Samford University’s Ida Moffett School of Nursing has received more than $2.1 million to help make graduate nursing education more affordable for currently practicing or teaching nurses committed to careers in nursing education.
Samford’s $2,140,611 Nurse Faculty Loan Program (NFLP) grant from the U.S. Department of Health and Human Services, Health Resources and Services Administration is the largest in the country and one of only three nationally that exceeds $1 million. This is Samford’s 16th year to receive funding for the program.
According to Jane Martin, nursing school senior associate dean and project director of the grant, additional faculty are needed for nursing schools to increase student capacity. “The Nurse Faculty Loan Program is designed to help address the shortage of nurse educators. Students who receive loans for graduate degree programs can have up to 85 percent of the loan forgiven in exchange for service as full-time nursing faculty members at an accredited school of nursing,” she added.
“The need for professional registered nurses is growing at a rapid pace, and faculty shortages in nursing schools are impeding our ability to address the increased demand,” said Nena F. Sanders, vice provost of Samford’s College of Health Sciences and nursing school dean. “It is projected that our country will need an additional 439,300 nurses by 2024.”
The American Association of Colleges of Nursing found that nursing schools turned away 64,067 qualified applicants in 2016-17. Nearly two-thirds of the nursing schools responding to the survey pointed to a shortage of faculty and/or clinical preceptors as a reason for not accepting all qualified applicants into their programs. More than 92 percent of faculty vacancies were positions requiring or preferring a doctoral degree.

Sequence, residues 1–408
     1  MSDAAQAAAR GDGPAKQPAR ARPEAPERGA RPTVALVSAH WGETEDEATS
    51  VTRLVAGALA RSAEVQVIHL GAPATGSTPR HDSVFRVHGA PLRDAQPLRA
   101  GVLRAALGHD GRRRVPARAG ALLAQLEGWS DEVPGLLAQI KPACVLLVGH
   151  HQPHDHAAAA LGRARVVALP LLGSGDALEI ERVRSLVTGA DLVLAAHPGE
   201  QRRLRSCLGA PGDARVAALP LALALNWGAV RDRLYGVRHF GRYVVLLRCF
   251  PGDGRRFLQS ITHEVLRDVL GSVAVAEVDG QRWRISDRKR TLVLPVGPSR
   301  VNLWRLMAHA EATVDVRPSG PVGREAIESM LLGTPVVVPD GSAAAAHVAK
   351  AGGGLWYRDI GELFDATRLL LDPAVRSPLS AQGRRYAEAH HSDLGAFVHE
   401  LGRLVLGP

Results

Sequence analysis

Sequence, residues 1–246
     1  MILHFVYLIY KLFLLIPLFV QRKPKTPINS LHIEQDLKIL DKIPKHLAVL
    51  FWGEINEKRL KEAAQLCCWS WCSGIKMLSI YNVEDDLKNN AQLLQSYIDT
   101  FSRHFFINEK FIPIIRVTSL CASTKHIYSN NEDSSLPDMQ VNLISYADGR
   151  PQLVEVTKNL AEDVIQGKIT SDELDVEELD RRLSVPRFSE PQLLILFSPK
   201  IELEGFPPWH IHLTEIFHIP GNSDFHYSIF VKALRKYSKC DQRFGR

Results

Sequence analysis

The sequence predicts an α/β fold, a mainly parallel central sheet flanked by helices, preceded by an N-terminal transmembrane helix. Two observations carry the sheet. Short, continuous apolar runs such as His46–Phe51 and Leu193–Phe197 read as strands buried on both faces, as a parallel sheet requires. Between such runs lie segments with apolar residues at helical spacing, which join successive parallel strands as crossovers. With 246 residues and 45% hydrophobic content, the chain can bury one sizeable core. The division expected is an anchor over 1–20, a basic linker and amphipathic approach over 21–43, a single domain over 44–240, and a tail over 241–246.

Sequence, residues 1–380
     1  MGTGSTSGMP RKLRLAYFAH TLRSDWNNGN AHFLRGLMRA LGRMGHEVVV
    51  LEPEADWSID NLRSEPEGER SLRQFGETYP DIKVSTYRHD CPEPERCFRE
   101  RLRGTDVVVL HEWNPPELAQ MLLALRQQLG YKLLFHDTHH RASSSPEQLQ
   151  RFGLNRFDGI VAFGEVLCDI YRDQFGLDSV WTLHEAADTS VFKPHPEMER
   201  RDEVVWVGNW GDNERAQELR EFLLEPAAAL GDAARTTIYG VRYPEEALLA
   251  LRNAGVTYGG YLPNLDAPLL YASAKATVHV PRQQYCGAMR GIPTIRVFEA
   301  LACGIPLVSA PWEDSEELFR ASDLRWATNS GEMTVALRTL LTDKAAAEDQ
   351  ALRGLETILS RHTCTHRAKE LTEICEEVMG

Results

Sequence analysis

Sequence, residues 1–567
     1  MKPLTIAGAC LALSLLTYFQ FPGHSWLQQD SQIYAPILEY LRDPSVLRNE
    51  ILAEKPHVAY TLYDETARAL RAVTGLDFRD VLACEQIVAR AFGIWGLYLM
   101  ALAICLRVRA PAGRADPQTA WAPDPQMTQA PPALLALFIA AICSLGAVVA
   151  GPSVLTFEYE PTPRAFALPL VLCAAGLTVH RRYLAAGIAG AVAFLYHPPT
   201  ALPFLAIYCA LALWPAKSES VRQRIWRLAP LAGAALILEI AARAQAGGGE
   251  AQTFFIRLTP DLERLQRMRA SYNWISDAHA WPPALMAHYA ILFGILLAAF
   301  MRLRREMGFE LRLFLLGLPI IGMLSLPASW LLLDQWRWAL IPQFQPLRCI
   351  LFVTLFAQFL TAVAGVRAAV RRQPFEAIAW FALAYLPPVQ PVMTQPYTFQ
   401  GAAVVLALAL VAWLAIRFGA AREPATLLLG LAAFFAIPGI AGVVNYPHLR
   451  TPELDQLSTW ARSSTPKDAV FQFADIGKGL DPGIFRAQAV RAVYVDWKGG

“Since 2008, the NFLP has provided grants to eligible Samford students pursuing a Doctor of Nursing Practice (D.N.P.). These graduates are now serving in a variety of academic settings throughout the nation,” said Gretchen McDaniel, associate dean for graduate nursing program. According to McDaniel, students in a number of Samford’s D.N.P. options may be eligible for funding, including Bachelor of Science in nursing to D.N.P. nursing administration or nursing informatics and analytics; and post-master’s administration or advanced practice.
The NFLP was approved by Congress in 2002, and Samford was one of the first 55 nursing schools from across the U.S. to receive funds. Samford’s NFLP grants now total more than $13.5 million. The 2018-19 grant is expected to help more than 150 students from 18 states in Samford’s Doctor of Nursing Practice program.
To apply for admission to Samford graduate programs in nursing, go to http://www.samford.edu/nursing/graduate-nursing/.